Rust data structure that is indexed twice; ECS?

I am a long time Java programmer taking an interest to study Rust. My understanding is that in Rust a container owns its stored objects. Suppose I have an enrollment relation that is an association between a student and a course. I want to find all courses a student may have; at the same time I want to find all students a course may have. I can use a hashmap for indexing, but I can't put this enrollment thing in two different hashmaps from my understanding.

Am I looking at a situation where I am cloning the enrollment struct for a secondary index? Can an existing Rust ECS crate more easily help solve this problem?

If you need multiple owners, a reference-counter is the way to do it. The standard library provides one.

More broadly, you seem to be conflating references with a relational model. You can refer to a student by a unique identifier, which is probably small and no big deal to bit-wise copy. Storing references in a collection is almost always not what you want, unless it is a transitory collection in some imperative code block.

3 Likes

The standard library types mentioned are Rc and Arc. If you need to be able to mutate, you'll probably want an Rc<RefCell<T>> or Arc<Mutex<T>>.

What about introducing another level of indirection via a third HashMap?

struct Enrollments {
    next_id: usize,
    courses: HashMap<String, Vec<usize>>,
    students: HashMap<String, Vec<usize>>,
    enrollments: HashMap<usize, Enrollment>,
}

struct Enrollment {
    student: String,
    course: String,
    ...
}

Then when you insert a new enrollment, you create an index and update the courses and students tables accordingly.

Here is the rest of my code:

impl Enrollment {
    fn new(course: impl Into<String>, student: impl Into<String>) -> Self {
        Enrollment {
            course: course.into(),
            student: student.into(),
        }
    }
}


impl Enrollments {
    pub fn register(&mut self, enrollment: Enrollment) {
        let id = self.next_id;
        self.next_id += 1;
        self.courses
            .entry(enrollment.course.clone())
            .or_default()
            .push(id);
        self.students
            .entry(enrollment.student.clone())
            .or_default()
            .push(id);
        self.enrollments.insert(id, enrollment);
    }

    pub fn by_course_name<'a>(&'a self, name: &str) -> impl Iterator<Item = &'a Enrollment> + 'a {
        self.courses
            .get(name)
            .map(|ids| ids.as_slice())
            .unwrap_or_default()
            .iter()
            .map(|enrollment_id| &self.enrollments[enrollment_id])
    }

    pub fn by_student_name<'a>(&'a self, name: &str) -> impl Iterator<Item = &'a Enrollment> + 'a {
        self.students
            .get(name)
            .map(|ids| ids.as_slice())
            .unwrap_or_default()
            .iter()
            .map(|enrollment_id| &self.enrollments[enrollment_id])
    }
}

(playground)

Then when you have a main() like this:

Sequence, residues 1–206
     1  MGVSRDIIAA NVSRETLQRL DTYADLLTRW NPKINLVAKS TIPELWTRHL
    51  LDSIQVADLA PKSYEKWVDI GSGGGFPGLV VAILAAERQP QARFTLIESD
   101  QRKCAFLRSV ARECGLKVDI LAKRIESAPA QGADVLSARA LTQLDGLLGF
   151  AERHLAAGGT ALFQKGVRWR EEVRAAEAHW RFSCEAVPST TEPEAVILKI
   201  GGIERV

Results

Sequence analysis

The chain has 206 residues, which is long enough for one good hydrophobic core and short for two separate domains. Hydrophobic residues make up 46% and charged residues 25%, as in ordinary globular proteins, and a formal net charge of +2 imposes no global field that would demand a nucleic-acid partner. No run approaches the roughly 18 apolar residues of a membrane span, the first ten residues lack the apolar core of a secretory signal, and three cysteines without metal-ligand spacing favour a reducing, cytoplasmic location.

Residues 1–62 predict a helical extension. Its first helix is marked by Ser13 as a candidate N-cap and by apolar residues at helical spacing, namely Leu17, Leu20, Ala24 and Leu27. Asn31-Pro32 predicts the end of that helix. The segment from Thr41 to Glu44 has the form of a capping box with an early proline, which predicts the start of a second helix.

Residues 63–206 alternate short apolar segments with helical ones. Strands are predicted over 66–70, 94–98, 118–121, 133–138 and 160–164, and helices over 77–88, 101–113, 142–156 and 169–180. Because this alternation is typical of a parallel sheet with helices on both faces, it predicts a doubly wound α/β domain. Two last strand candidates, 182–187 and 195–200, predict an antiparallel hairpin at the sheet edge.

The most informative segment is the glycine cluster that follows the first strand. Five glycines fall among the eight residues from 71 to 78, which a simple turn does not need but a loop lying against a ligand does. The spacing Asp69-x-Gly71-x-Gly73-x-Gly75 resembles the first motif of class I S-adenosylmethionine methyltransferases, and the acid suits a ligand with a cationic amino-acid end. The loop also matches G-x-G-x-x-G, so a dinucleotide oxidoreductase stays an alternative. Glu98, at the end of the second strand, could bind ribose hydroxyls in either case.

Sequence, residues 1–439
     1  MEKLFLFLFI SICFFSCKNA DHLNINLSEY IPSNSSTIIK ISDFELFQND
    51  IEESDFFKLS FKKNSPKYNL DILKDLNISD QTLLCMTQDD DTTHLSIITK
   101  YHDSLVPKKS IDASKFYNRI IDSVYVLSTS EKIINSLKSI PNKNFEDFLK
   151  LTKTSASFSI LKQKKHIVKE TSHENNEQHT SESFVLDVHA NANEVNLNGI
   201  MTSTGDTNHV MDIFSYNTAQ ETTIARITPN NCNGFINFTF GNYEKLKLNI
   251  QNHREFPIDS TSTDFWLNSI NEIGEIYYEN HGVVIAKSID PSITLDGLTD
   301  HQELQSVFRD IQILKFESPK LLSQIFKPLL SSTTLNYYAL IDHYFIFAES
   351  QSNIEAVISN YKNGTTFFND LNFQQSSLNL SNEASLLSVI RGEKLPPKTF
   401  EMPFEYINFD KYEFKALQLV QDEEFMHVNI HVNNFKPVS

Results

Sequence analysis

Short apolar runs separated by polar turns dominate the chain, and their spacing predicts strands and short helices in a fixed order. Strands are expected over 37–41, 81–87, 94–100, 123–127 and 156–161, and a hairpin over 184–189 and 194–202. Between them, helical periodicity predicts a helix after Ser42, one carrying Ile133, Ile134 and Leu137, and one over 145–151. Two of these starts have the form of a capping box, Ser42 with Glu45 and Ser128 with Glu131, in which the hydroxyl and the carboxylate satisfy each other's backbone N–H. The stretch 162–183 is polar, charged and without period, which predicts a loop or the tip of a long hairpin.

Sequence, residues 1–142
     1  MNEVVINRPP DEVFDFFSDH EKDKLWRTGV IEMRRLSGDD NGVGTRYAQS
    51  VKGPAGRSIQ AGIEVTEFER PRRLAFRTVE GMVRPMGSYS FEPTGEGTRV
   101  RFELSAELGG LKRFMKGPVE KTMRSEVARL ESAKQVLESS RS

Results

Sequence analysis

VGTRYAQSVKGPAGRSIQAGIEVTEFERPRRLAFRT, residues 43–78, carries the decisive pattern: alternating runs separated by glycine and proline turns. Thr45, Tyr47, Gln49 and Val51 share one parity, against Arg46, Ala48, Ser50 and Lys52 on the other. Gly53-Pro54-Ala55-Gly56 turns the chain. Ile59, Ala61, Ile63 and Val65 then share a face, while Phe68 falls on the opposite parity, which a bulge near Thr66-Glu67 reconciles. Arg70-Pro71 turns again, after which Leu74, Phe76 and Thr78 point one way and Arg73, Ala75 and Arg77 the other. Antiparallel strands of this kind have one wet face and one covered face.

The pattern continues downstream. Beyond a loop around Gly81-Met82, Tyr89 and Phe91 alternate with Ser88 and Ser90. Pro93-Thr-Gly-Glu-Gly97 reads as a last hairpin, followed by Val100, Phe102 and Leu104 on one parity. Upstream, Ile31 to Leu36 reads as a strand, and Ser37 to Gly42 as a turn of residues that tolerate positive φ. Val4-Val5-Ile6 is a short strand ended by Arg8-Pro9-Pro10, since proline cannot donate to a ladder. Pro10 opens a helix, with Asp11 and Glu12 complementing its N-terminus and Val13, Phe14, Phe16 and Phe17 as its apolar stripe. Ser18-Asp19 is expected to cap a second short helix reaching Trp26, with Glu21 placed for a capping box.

fn main() {
    let mut enrollments = Enrollments::default();

    enrollments.register(Enrollment::new("Maths", "Michael"));
    enrollments.register(Enrollment::new("Maths", "Julia"));
    enrollments.register(Enrollment::new("Programming", "Michael"));

    println!("Math enrollments:");
    for enrollment in enrollments.by_course_name("Maths") {
        println!("  {:?}", enrollment);
    }

    println!("Michael's courses:");
    for enrollment in enrollments.by_student_name("Michael") {
        println!("  {:?}", enrollment);
    }
}

it will generate the expected output

Math enrollments:
  Enrollment { student: "Michael", course: "Maths" }
  Enrollment { student: "Julia", course: "Maths" }
Michael's courses:
  Enrollment { student: "Michael", course: "Maths" }
  Enrollment { student: "Michael", course: "Programming" }

The benefit of this method is you can have get_xxx_mut() methods which do the appropriate lookup and give you a &mut Enrollment without worrying about smart pointers or mutexes.

2 Likes

I think I agree with Rustacious. I have written one test application using Arc of Mutex of S where S is a struct. It strikes me as somewhat fragile to support. I really like u32 sized identifiers, and the concept of ECS. Now giving it some more thought I think what I want are two B-tree indexed immutable structs. They are sorted by (student,course) to enrollment, (course,student) to enrollment. The first one allows me to search for all courses tied to a student. The second one allows me to search for all students tied to a course. The enrollment component can contain a student and course id, and no index is needed by itself.

I looked at a number of Rust ECS libraries, including Bevy. Bevy has a enhancement request #3742 to add relationship support. It seems Flecs (C++) was designed to support relationships out of the box.

Flecs entity ID design

There are some graph implementations, petgraph is well known but graph looks interesting too. You could use a graph internally to create an API for tables with related columns.

I tried out crossbeam_utils:: thread::scope(). This allows me to have plain reference borrow of Mutex. No more Arc.